A student guesses the answers to 6 questions on a true-false quiz. Find the probability that the indicated number of guesses are correct:
no more than 2(hint:no more than 2 means exactly 0 means exactly 1 or exactly 2)

- anonymous

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- anonymous

put X = number he gets right. the probability he gets any one right is the probability he gets one any one wrong is \[\frac{1}{2}\]
to get six wrong in a row multiply \[(\frac{1}{2})^6\]
to get one right and 5 wrong it is
\[\dbinom{6}{1}(\frac{1}{2})^6\]
\[\dbinom{6}{1}\] is the number of ways to choose on item from a set of 6, so it is 6

- anonymous

Thank you!!

- anonymous

\[(\frac{1}{2})^6=\frac{1}{64}\]
\[6\times \frac{1}{64}=\frac{6}{64}\]
\[\frac{1}{64}+\frac{6}{64}=\frac{7}{64}\]
\[1-\frac{7}{64}=\frac{57}{64}\]

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## More answers

- anonymous

oops ignore the last line. just \[\frac{1}{64}+\frac{6}{64}=\frac{7}{64}\]

- anonymous

man i am off. you also have to compute the probability that he gets two right. forgot about that one.

- anonymous

it is \[\dbinom{6}{2}\frac{1}{64}\] and \[\dbinom{6}{2}=15\]

- anonymous

so the correct answer is \[\frac{1}{64}+\frac{6}{64}+\frac{15}{64}=\frac{22}{64}\]

- anonymous

sorry my mistake. not reading carefully.

- anonymous

its okay! thank you! i got the answer correct :)

- anonymous

great!

- anonymous

are you good with pascal's triangle and other probabilities?

- anonymous

sure got a question?

- anonymous

lets see...what is the probability of getting 3 red lights at a traffic stop, when looking at five lights. assuming the common changes are red and green

- anonymous

assuming these probabilities are each \[{1}{2}\ for each light and assuming they are independent?

- anonymous

yeahh

- anonymous

a rather broad assumption. so this is like saying if you flip a coin 5 times what is the probability you get 3 heads and one tail, yes?

- anonymous

oh yeah, you could actually put it that way!

- anonymous

then it is just \[\dbinom{5}{3}(\frac{1}{2})^5\]

- anonymous

\[(\frac{1}{2})^5=\frac{1}{32}\] do you know how to compute \[\dbinom{5}{3}\]?

- anonymous

no? haha i am not very great with math

- anonymous

do you know how to write the first few levels of pascal's triangle?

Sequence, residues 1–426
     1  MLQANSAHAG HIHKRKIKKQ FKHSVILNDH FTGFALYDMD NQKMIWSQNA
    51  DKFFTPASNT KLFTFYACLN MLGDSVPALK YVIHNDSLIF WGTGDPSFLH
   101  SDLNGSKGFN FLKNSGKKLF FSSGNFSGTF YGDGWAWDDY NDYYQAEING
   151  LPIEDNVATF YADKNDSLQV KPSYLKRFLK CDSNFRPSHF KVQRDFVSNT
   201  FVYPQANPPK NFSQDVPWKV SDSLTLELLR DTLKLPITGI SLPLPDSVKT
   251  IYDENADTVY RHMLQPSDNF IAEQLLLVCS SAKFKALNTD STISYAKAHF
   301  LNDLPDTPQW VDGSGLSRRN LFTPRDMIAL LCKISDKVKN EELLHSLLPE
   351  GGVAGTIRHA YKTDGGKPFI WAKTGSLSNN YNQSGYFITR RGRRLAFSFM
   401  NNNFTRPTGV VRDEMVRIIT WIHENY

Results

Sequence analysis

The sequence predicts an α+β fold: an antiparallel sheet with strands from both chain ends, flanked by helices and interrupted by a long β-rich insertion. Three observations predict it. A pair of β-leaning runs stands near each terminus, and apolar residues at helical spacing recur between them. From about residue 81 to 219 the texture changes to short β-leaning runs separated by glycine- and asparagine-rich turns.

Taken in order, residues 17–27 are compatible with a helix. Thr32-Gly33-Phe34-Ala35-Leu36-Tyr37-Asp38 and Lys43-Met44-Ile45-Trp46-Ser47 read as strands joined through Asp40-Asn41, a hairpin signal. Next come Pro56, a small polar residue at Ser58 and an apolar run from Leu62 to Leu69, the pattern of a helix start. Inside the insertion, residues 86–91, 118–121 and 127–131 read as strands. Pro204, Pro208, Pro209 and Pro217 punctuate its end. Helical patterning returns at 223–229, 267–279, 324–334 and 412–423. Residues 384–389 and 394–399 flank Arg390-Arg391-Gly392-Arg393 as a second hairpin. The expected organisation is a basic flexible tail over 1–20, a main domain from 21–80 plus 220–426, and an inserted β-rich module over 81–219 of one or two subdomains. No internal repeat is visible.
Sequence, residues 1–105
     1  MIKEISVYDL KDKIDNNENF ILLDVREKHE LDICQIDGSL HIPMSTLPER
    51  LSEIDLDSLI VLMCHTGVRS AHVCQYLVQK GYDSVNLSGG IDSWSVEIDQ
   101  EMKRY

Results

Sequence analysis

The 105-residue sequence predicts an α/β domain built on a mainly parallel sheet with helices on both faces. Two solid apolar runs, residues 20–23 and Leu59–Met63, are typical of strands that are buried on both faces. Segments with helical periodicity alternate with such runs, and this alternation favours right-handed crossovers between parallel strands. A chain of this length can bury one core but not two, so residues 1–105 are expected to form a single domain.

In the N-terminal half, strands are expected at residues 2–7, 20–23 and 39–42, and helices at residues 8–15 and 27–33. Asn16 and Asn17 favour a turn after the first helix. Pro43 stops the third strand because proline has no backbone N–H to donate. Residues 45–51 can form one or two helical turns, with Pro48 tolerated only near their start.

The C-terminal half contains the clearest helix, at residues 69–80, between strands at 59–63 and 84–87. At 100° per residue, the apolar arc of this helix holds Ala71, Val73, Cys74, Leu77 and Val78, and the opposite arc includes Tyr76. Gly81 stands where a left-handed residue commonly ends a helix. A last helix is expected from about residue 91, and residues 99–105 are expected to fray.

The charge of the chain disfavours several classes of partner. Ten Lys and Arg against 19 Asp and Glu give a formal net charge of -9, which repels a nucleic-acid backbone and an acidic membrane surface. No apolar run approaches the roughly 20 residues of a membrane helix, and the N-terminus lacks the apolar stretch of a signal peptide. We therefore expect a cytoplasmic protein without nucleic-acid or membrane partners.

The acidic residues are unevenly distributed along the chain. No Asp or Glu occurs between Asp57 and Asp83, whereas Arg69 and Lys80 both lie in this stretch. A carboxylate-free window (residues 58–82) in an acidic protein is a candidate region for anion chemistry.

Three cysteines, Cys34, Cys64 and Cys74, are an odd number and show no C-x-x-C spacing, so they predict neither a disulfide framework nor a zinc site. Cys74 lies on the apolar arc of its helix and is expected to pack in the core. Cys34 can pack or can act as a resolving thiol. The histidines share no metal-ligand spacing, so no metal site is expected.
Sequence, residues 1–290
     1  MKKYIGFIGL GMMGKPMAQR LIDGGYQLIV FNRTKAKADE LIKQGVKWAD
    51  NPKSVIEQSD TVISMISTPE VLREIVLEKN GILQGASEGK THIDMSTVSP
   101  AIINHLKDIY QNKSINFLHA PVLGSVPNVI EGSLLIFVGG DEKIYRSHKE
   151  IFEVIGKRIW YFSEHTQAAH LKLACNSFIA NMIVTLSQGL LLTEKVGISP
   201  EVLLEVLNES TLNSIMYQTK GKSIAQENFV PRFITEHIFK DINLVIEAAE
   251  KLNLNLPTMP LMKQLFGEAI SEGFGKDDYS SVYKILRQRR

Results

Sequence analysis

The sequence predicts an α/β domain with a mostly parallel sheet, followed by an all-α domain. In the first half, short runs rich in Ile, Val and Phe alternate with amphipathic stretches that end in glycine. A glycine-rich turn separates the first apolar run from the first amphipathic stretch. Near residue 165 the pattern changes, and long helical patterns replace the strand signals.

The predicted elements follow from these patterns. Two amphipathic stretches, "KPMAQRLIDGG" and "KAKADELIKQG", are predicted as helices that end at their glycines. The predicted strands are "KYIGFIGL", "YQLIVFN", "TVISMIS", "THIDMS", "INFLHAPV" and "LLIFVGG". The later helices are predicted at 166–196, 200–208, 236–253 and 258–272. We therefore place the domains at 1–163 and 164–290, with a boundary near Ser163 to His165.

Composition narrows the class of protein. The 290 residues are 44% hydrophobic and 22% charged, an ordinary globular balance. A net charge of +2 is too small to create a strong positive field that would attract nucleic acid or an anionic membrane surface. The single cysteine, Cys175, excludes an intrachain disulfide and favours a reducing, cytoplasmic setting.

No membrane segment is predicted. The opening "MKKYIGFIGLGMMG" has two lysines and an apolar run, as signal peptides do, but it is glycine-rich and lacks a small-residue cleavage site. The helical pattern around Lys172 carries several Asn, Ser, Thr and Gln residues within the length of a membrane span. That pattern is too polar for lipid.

- anonymous

yeah i know how to do that

- anonymous

1
1 1
1 2 1
1 3 3 1
1 4 6 4 1
1 5 10 10 5 1

- anonymous

there it is down to level 5 to compute each entry start at 1, then add the top two adjacent numbers.

- anonymous

so to get the next level i would start at 1, then say 1+5=6
5+10=15
10+5=15
5+1=6
and so the next level would be
1 6 15 15 6 1

- anonymous

okay...got it!

- anonymous

but let us just say without writing the triangle i wanted to compute \[\dbinom{7}{3}\] the number of ways to choose 3 from 7. i would make a fraction and put in the top
\[7\times 6\times 5\]
in the bottom \[3\times 2\]tp get
\[\frac{7\times 6 \times 5}{3\times 2}\]
this has to be a whole number so cancel before multiplying.

- anonymous

\[\frac{7\times 6 \times 5}{3\times 2}=7\times 5=35\]

- anonymous

\[\dbinom{10}{4}=\frac{10\times 9 \times 8 \times 7}{4\times 3\times 2}\]

- anonymous

again a whole number so cancel first and multiply last.

- anonymous

\[\dbinom{10}{4}=10\times 3\times 7=210\]

- anonymous

oh wow, okay i get it a little better now

- anonymous

http://ptri1.tripod.com/

- anonymous

more than you want to know

- anonymous

okay i have another question that im having a hard time with

- anonymous

shoot

- anonymous

Suppose that you ask three friends to go to the mall. each one has a 0.80 chance of saying yes. What is the probability that all three friends will say they can go to the mall with you?

- anonymous

ok that one is easy.
\[(.80)^3\]

- anonymous

assuming independence multiply the probabilities

- anonymous

oh so its 0.512

- anonymous

cool!

- anonymous

you got it.

- anonymous

wow thank you! are you good with the binomial theorem? haha

- anonymous

or with the Fibonacci Sequence?

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